Sunday, May 24, 2009
Intriguing project announcement - (on the invaluable Farm.sg)
"Are you bold enough to challenge the official strategy? Are you humble enough to listen to your surroundings and cooperate with the general public in shaping your art project?
Window for dialogue want to open up familiar sites in Singapore and develop tactical responses to exclusive city planing, commercialization of everyday life and public exclusion in decision making. Concerned with the shifting notions of site-specific art, and the emerging informal public sphere, it is the objective of Window for dialogue to experiment with public participation in the constructive process of public space and initiate a dialogue about how the public sphere is utilized. This will be achieved by inviting the general public, in corporation with artists, academics and the authorities to partake in the creation of public site-specific artworks."
Contact: Nik Tao. email@example.comLINK
Labels: public space, Singapore
# posted @ 1:30 PM
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Dear Author www.nusantara.com !
You are mistaken. Let's discuss it.
By , at
Sunday, February 08, 2009
Cow Under Surveillance
Asian Public Art News welcomes good advertising in public spaces. We're not like the Mayor of Sao Paolo, Brazil, who banned billboards.
A recent self-promotional foray by Singapore outdoor ad co, Moove Media, an arm of public transport giant Comfort Delgro, raises questions. Today's Sunday Times had the news that more than 200 of the 600 CNY-themed cut-out cows placed in public spaces had been stolen, despite the presence of "cows under surveillance" signs. So, the natural question, in law-abiding Singapore: why did so many people steal the cows? 1) Because they loved them so much and wanted to take them home? 2) because they hated them and thought they were a blight on the urban landscape, and wanted to remove them?
Purely aesthetic motives don't begin to capture it -- this sort of "theft" is all about authority. My guess is that the cow-eye-lash surveillance signs and the ease with which the cows could be removed together constitute something just short of an invitation to vandalize... (it wouldn't be vandalism if you were overtly invited to "steal this cow"). You are invited to transgress in a safe and relatively wholesome way that will give the advertising company lots of free publicity. And this almost-invitation to transgress is probably quite powerful, especially in law-abiding Singapore. I'm guessing that "number of cows stolen" was a KPI for this particular campaign - how else to get this sort of publicity (well timed for a slow news day)?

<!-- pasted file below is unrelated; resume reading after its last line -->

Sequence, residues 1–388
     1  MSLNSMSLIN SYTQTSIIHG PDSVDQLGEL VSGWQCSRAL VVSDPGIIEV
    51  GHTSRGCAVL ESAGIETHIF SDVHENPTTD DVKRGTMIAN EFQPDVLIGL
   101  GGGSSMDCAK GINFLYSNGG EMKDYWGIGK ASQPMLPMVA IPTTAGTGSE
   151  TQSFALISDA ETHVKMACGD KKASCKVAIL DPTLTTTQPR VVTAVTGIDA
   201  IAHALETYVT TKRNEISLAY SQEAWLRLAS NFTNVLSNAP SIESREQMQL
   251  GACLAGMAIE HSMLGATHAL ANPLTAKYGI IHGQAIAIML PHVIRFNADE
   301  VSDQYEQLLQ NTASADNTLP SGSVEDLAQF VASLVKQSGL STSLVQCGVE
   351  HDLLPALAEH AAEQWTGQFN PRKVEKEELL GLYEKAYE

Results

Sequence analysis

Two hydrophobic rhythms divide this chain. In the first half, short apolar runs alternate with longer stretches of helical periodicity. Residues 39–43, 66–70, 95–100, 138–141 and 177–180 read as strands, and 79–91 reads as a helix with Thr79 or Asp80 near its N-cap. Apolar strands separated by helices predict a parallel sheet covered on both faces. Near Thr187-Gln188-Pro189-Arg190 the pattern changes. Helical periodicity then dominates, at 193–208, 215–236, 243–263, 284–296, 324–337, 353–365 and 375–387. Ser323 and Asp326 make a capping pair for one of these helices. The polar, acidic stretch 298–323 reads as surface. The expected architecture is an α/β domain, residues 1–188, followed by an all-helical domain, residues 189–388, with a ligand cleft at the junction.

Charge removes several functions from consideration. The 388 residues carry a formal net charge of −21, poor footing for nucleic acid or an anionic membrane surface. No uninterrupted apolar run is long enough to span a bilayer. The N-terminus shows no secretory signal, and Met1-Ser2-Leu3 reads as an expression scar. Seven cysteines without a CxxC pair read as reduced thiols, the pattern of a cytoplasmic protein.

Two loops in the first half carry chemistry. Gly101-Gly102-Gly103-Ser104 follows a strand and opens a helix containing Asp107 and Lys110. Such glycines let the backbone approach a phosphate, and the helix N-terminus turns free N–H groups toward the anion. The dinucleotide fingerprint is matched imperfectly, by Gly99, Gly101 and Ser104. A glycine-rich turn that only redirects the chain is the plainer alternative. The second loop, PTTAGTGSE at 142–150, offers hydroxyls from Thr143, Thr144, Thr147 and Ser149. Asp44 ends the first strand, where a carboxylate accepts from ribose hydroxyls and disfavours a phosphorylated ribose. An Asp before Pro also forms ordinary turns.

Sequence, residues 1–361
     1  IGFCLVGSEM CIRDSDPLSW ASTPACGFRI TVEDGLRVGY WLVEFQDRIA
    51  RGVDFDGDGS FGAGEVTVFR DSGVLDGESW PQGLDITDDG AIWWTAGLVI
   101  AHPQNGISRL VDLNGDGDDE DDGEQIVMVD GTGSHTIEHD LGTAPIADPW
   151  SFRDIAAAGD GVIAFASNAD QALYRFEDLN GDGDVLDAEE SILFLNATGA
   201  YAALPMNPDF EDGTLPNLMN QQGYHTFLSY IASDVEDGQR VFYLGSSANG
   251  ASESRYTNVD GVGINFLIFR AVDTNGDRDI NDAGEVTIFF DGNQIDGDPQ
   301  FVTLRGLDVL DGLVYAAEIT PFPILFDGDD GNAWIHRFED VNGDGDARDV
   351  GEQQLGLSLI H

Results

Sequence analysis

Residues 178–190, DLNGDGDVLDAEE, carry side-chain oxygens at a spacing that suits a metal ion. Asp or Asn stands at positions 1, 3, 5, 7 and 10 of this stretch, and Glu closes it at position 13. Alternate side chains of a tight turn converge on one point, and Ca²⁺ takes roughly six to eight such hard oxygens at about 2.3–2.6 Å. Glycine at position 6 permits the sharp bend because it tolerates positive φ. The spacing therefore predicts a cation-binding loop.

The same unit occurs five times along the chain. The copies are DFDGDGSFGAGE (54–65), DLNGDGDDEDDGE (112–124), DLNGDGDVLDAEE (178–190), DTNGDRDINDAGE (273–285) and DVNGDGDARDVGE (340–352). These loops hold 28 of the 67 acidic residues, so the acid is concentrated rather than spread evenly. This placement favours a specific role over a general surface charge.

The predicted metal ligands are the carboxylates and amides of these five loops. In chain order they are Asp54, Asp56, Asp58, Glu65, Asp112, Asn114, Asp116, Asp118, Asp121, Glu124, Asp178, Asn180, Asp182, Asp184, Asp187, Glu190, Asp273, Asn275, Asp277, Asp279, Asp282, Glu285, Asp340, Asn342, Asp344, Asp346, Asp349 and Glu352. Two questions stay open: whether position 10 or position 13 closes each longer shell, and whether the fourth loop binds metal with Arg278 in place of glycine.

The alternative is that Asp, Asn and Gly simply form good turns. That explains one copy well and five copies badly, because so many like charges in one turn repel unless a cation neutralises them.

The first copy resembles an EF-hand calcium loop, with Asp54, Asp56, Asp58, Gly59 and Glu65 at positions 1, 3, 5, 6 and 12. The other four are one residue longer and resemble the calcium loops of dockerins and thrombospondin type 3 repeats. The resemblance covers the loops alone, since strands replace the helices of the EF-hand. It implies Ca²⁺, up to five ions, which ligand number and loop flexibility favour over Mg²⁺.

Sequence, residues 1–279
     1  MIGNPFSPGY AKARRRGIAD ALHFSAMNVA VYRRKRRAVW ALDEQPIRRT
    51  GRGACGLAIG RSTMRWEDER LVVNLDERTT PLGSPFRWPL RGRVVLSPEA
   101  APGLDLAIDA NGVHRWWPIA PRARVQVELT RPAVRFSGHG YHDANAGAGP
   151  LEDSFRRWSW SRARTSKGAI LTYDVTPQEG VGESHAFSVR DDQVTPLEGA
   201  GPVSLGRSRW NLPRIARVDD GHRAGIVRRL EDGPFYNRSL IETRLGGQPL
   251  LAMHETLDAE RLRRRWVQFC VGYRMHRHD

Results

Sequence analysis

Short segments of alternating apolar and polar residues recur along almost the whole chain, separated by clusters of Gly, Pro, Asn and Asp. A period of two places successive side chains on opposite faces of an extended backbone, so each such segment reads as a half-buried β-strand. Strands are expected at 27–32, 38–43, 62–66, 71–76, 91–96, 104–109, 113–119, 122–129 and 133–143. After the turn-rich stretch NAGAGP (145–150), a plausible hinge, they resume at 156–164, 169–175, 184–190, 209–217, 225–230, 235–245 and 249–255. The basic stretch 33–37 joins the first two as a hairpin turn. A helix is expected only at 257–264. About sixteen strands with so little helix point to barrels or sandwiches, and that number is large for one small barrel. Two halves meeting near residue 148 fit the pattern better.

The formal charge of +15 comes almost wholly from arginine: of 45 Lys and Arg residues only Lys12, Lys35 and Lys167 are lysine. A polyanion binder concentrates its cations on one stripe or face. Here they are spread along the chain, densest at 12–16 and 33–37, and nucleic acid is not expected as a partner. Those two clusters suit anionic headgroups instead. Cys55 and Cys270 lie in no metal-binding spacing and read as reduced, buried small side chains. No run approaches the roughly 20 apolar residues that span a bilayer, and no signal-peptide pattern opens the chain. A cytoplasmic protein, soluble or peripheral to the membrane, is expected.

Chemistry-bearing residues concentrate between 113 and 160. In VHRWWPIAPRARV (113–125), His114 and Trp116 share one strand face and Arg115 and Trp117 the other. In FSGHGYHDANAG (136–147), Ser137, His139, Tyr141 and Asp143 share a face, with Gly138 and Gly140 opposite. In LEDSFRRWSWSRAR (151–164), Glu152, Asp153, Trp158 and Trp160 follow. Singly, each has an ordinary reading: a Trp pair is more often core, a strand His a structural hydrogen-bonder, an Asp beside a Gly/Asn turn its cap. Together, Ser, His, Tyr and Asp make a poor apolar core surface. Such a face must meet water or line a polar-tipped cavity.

What was the ostensible reason for placing the cows in public spots around the island? Says Moove Media CEO Jayne Kwek, "to bring cheer and hope to Singaporeans". (Makes me a bit depressed, really. ) When asked whether the cow campaigns have a commercial point: "Even if the benefit is intangible, it doesn't matter as that's not the point. To me, the landscape is my canvas and this is art..."
Well, I think outdoor advertising execs should try and be just a little more humble or thoughtful about the public space which is "your canvas". As for your art, we thought the white elephants of Buangkok were actually a lot more interesting and cheerful than your cows. They were also the victim of some sanctioned vandalism...
Labels: advertising, public space, Singapore
# posted @ 10:46 AM
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Maybe they were not stolen and it was made up to get media attention?
By ARDT, at
Saturday, April 19, 2008
Public sculpture in the way of retail experience? Off with their heads!
Look what they've done to my sculpture, ma!
How to react to these latest images from Orchard Rd (by MMS from Lucy Davis)? Can they just speak for themselves? (Maybe not, as the figures appear to have been muzzled). Shall I get all pedantic on you and write an entry on the conflict between the needs of privatized retail space and real old-fashioned public space? If I did I could have the pleasure of quoting Daisy Loo, (a fiction writer would get in trouble for giving a character who is the Head of Retail for Jones Lang LaSalle in Singapore a name like that): "Retail is a living system which needs to be constantly refreshed."
No, I shall just sit back and present the pix, and let you enjoy the latest absurdity of Singapore's urban environment...(But I might just email Sun Yuli and ask him what he's going to do... surely this is a violation of his moral rights of authorship (as they call them in the UK)).
Labels: Orchard Road, public space, sculpture, Singapore
# posted @ 7:15 PM
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